## 8.1 Notation

In this book, we try to keep notation as consistent as possible. This makes reading and writing code easier. We can define the notation into three parts.

### 8.1.1 Julia Style Guide

Firstly, we attempt to stick to the conventions from the Julia Style Guide. Most importantly, we write functions not scripts (see also Section 1.3). Furthermore, we use naming conventions consistent with Julia base/, meaning:

• Use camelcase for modules: module JuliaDataScience, struct MyPoint. (Note that camelcase is called “camelcase,” because the capitalization of words, such as “iPad” or “CamelCase,” make the word look like a camel.)
• Write function names in lowercase letters and separate the words by underscores. It is also allowed to omit the separator when naming functions. For example, these function names are all in line with the conventions: my_function, myfunction and string2int.

Also, we avoid brackets in conditionals, that is, we write if a == b instead of if (a == b) and use 4 spaces per indentation level.

### 8.1.2 BlueStyle

The Blue Style Guide adds multiple conventions on top of the default Julia Style Guide. Some of these rules might sound pedantic, but we found that they make the code more readable.

From the style guide, we attempt to adhere specifically to:

• At most 92 characters per line in code (in Markdown files, longer lines are allowed).

• With using, import at most one module per line

• No trailing whitespace. Trailing whitespace makes inspecting changes in code more difficult since they do not change the behavior of the code but do show up as changes.

• Avoid extraneous spaces inside brackets. So, write string(1, 2) instead of string( 1 , 2 ).

• Global variables should be avoided.

• Try to limit function names to one or two words.

• Use the semicolon to clarify whether an argument is a keyword argument or not. For example, func(x; y=3) instead of func(x, y=3).

• Avoid using multiple spaces to align things. So, write

a = 1
lorem = 2

a     = 1
lorem = 2
• Whenever appropriate, surround binary operators with a space, for exaple, 1 == 2 or y = x + 1.

• Indent triple-quotes and triple-backticks:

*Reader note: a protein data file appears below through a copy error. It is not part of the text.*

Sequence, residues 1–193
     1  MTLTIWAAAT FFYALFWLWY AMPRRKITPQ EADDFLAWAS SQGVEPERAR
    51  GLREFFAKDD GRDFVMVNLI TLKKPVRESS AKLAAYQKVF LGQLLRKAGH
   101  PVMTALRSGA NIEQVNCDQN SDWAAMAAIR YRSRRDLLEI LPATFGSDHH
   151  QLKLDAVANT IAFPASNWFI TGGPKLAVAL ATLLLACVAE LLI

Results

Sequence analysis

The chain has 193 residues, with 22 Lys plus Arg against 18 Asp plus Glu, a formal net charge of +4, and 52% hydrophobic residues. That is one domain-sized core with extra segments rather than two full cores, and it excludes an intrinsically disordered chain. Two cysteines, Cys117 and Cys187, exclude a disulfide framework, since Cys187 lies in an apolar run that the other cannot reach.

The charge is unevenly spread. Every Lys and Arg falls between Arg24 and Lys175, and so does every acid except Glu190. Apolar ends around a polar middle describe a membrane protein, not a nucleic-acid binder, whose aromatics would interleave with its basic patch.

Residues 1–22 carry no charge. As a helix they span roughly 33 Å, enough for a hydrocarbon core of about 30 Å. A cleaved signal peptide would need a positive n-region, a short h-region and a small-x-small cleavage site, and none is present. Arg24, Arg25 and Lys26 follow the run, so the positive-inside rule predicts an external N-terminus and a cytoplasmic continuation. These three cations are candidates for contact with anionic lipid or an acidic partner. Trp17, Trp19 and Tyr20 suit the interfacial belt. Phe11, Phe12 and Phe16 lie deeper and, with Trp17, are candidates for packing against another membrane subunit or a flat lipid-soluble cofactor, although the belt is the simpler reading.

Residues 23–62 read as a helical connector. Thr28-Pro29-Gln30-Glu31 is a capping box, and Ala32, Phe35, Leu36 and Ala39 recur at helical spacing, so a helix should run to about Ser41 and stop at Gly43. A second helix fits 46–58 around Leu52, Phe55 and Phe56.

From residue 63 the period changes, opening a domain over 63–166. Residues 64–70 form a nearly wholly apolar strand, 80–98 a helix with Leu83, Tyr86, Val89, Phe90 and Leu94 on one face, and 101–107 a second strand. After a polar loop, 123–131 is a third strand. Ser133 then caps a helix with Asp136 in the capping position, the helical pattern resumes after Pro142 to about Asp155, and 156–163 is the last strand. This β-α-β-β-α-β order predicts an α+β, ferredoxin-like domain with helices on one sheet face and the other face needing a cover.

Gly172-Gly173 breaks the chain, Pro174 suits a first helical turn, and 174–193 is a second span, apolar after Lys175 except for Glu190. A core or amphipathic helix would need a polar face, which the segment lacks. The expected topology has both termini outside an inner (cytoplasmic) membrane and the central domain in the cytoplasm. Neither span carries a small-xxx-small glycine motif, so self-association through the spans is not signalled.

s = """
my long text:
[...]
the end.
"""
• Do not omit zeros in floats (even though Julia allows it). Hence, write 1.0 instead of 1. and write 0.1 instead of .1.

• Use in in for loops and not = or ∈ (even though Julia allows it).

• In text, we reference the function call M.foo(3, 4) as M.foo and not M.foo(...) or M.foo().
• When talking about packages, like the DataFrames package, we explicitly write DataFrames.jl each time. This makes it easier to recognize that we are talking about a package.
• For filenames, we stick to “file.txt” and not file.txt or file.txt, because it is consistent with the code.
• For column names in tables, like the column x, we stick to column :x, because it is consistent with the code.
• Do not use unicode symbols in inline code. This is simply a bug in the PDF generation that we have to workaround for now.
• The line before each code block ends with a colon (:) to indicate that the line belongs to the code block.

Prefer to load symbols explicitly, that is, prefer using A: foo over using A when not using the REPL (see also, JuMP Style Guide, 2021). In this context, a symbol means an identifier to an object. For example, even if it doesn’t look like it normally, internally DataFrame, π and CSV are all symbols. We notice this when we use a introspective method from Julia such as isdefined:
isdefined(Main, :π)
true
Next to being explicit when using using, also prefer using A: foo over import A: foo because the latter makes it easy to accidentaly extend foo. Note that this isn’t an advise for Julia only: implicit loading of symbols via from <module> import * is also discouraged in Python .
The reason why being explicit is important is related to semantic versioning. With semantic versioning (http://semver.org), the version number is related to whether a package is, so called, breaking or not. For example, a non-breaking update for package A is when the package goes from version 0.2.2 to 0.2.3. With such a non-breaking version update, you don’t need to worry that your package will break, that is, throw an error or change behavior. If package A goes from 0.2 to 1.0, then that’s a breaking update and you can expect that you need some changes in your package to make A work again. However, exporting extra symbols is considered a non-breaking change. So, with implicit loading of symbols, non-breaking changes can break your package. That’s why it’s good practice to explicitly load symbols.